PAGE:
There was no signal device which told the location of the elevator. The only way one could tell where the elevator was, was to put "your head in." The "mechanical catches" to keep the door shut "weren't balanced right" and did not function. There was a rope lock device on the hand rope which controlled the movement of the elevator. The lock did not operate, however, because there "were no lock balls on the control cable." When functioning this device maintained the stop at each landing. It is placed in function by throwing a small lever. The lever was on the rope lock the day of the accident but since the lock balls were missing the device was ineffective.

On December 6, 1951, Alaimo was working on the second floor of the warehouse and with another man was moving a truckload of boxes toward the elevator. At the same time two other men were working on the third floor. One of the men on the third floor looked down the shaft, saw the elevator, called for it and then opened the elevator doors a little and pulled on the hand cable to bring the elevator up. When he had "just" done this, the third floor doors started to close and "almost caught him." A moment later it was discovered that Alaimo had been caught in between the elevator floor and the wall of the shaft. His feet were dangling about 6 feet above the second floor. The second floor door was open. He sustained injuries that resulted in his death. There were no witnesses to the accident and no evidence as to what the decedent was doing immediately prior to the accident. The view of the man working with him was obstructed by the boxes on the truck.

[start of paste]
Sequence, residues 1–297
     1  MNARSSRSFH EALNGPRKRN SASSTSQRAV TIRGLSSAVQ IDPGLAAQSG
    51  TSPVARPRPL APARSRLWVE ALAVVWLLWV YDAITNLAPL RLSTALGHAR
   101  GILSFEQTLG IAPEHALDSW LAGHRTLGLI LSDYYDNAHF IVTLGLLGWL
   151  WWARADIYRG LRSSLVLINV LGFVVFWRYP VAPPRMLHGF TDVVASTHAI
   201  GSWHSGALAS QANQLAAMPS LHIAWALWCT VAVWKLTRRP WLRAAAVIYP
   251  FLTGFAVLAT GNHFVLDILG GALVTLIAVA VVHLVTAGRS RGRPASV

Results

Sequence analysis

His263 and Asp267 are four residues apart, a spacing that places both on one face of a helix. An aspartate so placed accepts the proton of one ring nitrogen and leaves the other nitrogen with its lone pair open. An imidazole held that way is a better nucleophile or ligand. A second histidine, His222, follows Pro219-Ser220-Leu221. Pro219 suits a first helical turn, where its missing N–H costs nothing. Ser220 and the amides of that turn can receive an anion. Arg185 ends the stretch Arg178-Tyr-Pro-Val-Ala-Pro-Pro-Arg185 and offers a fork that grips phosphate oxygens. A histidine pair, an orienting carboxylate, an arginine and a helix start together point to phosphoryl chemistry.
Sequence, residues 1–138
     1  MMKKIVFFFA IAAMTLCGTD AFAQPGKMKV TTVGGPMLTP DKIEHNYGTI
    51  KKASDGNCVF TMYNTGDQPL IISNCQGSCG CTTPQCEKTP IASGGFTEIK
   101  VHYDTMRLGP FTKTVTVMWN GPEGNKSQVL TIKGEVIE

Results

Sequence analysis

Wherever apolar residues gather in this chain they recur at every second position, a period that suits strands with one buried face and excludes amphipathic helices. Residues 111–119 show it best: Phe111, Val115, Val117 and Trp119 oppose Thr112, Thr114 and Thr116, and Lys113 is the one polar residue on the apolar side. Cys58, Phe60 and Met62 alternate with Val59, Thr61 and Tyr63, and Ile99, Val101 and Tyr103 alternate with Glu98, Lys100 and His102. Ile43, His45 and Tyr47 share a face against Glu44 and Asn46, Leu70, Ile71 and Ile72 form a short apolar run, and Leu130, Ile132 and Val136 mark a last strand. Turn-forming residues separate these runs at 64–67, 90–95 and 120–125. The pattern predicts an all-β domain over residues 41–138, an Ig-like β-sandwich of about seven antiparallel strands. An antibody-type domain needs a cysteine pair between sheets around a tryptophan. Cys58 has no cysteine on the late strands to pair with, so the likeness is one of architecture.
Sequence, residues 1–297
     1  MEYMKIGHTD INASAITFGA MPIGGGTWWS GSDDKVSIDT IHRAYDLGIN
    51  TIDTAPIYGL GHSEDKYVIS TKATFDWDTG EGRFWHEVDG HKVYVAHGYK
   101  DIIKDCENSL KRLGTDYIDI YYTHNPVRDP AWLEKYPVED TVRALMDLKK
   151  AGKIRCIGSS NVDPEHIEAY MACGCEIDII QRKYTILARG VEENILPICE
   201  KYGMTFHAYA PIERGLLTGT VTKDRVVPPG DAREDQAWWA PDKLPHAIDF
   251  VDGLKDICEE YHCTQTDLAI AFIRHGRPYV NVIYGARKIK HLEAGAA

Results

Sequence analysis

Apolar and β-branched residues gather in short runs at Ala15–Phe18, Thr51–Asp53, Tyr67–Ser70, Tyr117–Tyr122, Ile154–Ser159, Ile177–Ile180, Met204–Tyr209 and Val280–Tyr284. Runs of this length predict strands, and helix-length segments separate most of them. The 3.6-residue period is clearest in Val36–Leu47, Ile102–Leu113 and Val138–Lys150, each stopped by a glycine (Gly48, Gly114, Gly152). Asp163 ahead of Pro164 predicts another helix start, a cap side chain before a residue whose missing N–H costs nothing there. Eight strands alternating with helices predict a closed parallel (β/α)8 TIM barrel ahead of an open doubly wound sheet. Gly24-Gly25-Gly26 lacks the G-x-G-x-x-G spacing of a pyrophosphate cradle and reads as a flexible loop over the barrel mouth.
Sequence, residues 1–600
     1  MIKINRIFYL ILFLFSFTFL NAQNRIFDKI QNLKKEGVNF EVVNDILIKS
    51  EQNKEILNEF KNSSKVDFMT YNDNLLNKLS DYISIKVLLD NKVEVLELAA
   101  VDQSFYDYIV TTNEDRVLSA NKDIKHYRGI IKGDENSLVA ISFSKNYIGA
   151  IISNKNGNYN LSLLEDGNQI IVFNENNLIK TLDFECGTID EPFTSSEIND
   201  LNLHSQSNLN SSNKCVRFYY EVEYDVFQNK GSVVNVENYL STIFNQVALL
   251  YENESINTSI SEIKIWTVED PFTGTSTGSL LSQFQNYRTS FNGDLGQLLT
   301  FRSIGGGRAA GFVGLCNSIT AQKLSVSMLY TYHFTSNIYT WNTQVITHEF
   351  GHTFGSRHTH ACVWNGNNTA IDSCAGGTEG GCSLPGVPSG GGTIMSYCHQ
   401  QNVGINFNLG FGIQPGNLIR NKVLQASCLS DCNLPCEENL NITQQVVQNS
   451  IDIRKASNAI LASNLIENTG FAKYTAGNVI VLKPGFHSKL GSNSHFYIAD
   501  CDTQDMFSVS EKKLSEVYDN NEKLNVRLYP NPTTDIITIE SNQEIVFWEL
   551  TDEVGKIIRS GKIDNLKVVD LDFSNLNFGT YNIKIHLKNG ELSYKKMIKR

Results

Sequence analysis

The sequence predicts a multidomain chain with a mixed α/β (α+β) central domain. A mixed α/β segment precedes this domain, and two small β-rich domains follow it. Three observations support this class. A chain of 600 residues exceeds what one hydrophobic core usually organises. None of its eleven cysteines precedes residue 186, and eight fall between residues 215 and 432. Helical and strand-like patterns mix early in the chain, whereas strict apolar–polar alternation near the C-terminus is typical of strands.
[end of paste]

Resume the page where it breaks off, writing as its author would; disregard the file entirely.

Plaintiffs contend that the defendant negligently failed to repair as required under clause 16 of the lease and is therefore liable for the damages resulting from this breach of the covenant. Defendant maintains that the covenant did not create any duty to keep the elevator in a safe condition and that, therefore, there could be no breach of duty and no liability.

The lease consisted of a printed form with typewritten insertions and a typewritten rider. The instant term was for five years commencing October 1, 1949 and was a renewal of two previous leases for like periods. Clause 16 of the lease provided:

"Repairs 16. During the term of this lease, Lessor agrees to . . . make repairs and replacements to elevator, elevator machinery and elevator shaft, when required because of ordinary wear and tear, and any other repairs required as a result of the fault or neglect of the Lessor."

The precise question before us is whether defendant landlord is liable for injuries suffered as a result of the alleged breach of the covenant to repair and if so whether the evidence tended to show that his failure to perform the obligation was the proximate cause of the death of Robert Alaimo.

A majority of the cases deciding this question have held that there is no liability. For example see, Huey v. Barton, 328 Mich. 584, discussed in 26 Notre Dame Law. 345; Prosser, Torts 658 (1941). However, a growing minority of jurisdictions have allowed recovery in tort for personal injuries resulting from a breach of the covenant to repair. For example see, Scibek v. O'Connell, 131 ...